|Bread & Roses|
I have just read the news that the last deep coal mine in Britain has now closed.
We are going to take the rest of the morning to revise our resources on British coal mining, which I have previously posted for the anniversary of the Miner's Strike.
One of my great grandparents was a miner and came from a mining family. My grandad said his dad's back was black, thick of the coal dust which had amalgamated with his skin and could never be scrubbed free. We own a coal figuirine; it isn't an expensive trinket but the figure looks proud and hard-worked and strong, and it moves me to think of my great grandfather and many others who lived so much of their lives underground with those same qualities to provide for their families.
It is thought-provoking that the Kellingley miners have not been made redundant because there is no coal left, or that it could not be used in a more environmentally friendly way (as the article above explains), but because the mine lost the contract.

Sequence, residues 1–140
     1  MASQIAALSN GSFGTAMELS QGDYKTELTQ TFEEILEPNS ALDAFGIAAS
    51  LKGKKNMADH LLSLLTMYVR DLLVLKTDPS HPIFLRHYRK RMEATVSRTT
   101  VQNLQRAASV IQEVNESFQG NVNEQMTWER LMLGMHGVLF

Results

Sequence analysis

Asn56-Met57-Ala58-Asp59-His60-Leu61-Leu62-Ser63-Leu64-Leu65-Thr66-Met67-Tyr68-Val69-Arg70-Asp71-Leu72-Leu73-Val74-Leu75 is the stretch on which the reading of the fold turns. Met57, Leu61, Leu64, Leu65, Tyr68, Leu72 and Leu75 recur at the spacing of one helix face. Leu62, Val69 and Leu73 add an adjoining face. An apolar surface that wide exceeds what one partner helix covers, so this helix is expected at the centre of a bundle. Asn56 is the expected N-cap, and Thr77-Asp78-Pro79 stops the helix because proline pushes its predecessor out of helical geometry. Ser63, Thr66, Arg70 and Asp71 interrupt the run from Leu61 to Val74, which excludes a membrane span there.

Links for our previous blog posts on Coal Mines and Mining:
Interactive BBC Primary History of Victorian Children in Coalmining
School Project resources on coal mines and labour laws
Do you have family members who have worked, or do, in mining somewhere in the world?
This subject appears in schools as in the BBC resources above; is this a subject you will cover in your home learning?